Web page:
While the economy is, allegedly, improving, many people have found themselves downsizing. Sometimes it's a necessity. Their income has declined and they have to adjust to the new normal, but other times it's something they do because they want to simplify and scale back the consumerism.
There are people following this all over the Internet to the point that it's something of a movement. Buy Nothing Day on the day after Thanksgiving, a San Francisco group who made a promise to buy nothing new for one whole year, and a New York City blogger who pledged to not eat out for one full year. Which, if you live in New York, would be like going on a fast in the middle of a posh buffet.
The latest is a guy named David Hochman, who pledged, along with his wife and young son, to go a month without spending any more than $100.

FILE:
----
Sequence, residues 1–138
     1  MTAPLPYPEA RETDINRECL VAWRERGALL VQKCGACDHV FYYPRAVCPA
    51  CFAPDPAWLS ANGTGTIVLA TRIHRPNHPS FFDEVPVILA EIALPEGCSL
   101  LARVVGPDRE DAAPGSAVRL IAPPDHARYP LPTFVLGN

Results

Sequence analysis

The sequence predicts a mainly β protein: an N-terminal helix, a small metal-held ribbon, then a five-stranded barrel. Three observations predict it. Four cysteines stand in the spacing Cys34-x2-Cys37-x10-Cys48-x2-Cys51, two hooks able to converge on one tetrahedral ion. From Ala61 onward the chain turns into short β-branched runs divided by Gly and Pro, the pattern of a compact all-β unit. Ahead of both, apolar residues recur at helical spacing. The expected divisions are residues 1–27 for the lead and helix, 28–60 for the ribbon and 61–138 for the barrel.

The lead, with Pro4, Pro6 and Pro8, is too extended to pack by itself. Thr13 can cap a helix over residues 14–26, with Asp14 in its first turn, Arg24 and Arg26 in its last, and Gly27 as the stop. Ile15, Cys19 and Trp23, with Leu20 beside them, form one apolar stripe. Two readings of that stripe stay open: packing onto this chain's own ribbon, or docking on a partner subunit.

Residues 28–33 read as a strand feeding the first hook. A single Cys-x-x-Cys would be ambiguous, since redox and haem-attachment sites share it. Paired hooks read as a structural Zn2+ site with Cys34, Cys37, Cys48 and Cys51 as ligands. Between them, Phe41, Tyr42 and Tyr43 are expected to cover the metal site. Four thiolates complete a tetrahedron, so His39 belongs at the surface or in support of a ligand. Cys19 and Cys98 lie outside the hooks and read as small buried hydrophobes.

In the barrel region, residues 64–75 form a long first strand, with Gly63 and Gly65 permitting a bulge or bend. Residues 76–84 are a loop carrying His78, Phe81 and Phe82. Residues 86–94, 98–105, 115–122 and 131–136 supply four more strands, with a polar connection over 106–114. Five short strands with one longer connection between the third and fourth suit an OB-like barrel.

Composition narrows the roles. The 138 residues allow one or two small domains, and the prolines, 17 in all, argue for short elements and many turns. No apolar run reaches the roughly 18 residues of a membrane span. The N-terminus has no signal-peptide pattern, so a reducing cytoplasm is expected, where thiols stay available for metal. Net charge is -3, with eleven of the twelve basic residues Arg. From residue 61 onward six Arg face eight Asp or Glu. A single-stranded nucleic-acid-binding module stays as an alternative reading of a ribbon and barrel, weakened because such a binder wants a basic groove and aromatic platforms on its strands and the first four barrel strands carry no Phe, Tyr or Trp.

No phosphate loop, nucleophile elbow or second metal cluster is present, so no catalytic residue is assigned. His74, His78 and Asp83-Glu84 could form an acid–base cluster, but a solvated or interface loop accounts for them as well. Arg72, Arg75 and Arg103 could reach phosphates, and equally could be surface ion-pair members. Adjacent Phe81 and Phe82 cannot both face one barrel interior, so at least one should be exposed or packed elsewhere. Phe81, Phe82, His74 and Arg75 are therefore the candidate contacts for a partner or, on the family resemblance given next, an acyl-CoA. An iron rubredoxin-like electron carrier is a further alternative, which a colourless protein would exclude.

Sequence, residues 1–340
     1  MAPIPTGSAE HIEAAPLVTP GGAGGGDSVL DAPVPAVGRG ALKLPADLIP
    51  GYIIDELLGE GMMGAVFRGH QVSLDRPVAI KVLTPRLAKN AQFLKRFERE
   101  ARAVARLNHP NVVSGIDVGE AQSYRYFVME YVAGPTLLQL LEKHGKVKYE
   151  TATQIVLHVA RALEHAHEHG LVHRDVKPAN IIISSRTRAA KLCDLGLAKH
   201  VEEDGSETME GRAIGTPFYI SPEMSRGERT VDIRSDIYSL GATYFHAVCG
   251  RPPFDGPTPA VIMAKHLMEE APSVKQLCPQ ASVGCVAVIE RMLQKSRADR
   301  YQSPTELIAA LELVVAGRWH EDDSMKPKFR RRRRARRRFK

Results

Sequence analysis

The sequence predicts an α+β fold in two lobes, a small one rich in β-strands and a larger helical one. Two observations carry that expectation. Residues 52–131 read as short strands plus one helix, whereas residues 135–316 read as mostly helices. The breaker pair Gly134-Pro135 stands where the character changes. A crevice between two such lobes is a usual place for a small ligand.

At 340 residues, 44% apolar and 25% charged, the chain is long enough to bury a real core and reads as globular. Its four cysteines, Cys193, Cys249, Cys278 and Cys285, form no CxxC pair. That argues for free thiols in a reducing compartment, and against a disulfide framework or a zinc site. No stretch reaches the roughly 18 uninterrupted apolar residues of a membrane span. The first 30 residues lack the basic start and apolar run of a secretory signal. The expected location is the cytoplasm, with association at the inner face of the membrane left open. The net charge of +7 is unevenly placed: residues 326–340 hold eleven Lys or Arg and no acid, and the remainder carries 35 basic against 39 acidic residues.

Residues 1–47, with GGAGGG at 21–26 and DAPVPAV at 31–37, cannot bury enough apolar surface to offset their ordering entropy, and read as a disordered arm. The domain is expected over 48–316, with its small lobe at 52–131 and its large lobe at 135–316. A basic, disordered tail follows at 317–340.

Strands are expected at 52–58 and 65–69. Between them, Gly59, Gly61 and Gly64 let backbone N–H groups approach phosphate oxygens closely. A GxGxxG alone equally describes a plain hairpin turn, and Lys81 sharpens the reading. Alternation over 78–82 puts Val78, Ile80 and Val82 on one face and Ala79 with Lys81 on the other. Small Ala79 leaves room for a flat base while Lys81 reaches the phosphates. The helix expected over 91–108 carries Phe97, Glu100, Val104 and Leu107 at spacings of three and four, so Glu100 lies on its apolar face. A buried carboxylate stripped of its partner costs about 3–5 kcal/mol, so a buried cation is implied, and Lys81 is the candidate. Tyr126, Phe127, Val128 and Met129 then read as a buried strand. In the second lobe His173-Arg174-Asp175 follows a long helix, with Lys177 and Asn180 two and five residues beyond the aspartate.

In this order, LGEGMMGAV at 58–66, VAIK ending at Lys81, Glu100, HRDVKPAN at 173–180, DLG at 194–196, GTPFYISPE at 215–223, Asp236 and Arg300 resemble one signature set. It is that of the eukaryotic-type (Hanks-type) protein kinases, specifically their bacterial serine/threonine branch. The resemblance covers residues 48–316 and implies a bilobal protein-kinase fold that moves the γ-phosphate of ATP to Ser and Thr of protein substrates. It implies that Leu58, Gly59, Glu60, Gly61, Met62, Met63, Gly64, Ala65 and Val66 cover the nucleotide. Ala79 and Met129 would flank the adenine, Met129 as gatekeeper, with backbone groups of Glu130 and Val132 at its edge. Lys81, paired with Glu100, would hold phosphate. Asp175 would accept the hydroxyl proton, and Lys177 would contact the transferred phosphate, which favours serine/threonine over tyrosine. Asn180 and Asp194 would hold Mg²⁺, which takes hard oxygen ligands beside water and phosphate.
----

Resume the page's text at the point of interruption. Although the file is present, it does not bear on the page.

They excepted their mortgage, utilities, and their son's preschool tuition, but everything else, and I mean everything else, including gas and even Internet access, fell under that $100 spending limit.
They ended up discovering the wonders of Freecycle and the magic powers of baking soda, white vinegar, and hot water, and found that some of their more frugal habits stayed with them. Instead of rushing right out to a restaurant or loading up on groceries, they actually stayed home and entertained themselves with time they would typically spend shopping or on the computer.
Cutting back, whether on purpose or because circumstances demand it, does make you think a lot about what you spend and why. You may find that much of what you are currently spending your money on doesn't actually make your life more fun.
Would you go on a spending fast?
Image via AMagill/Flickr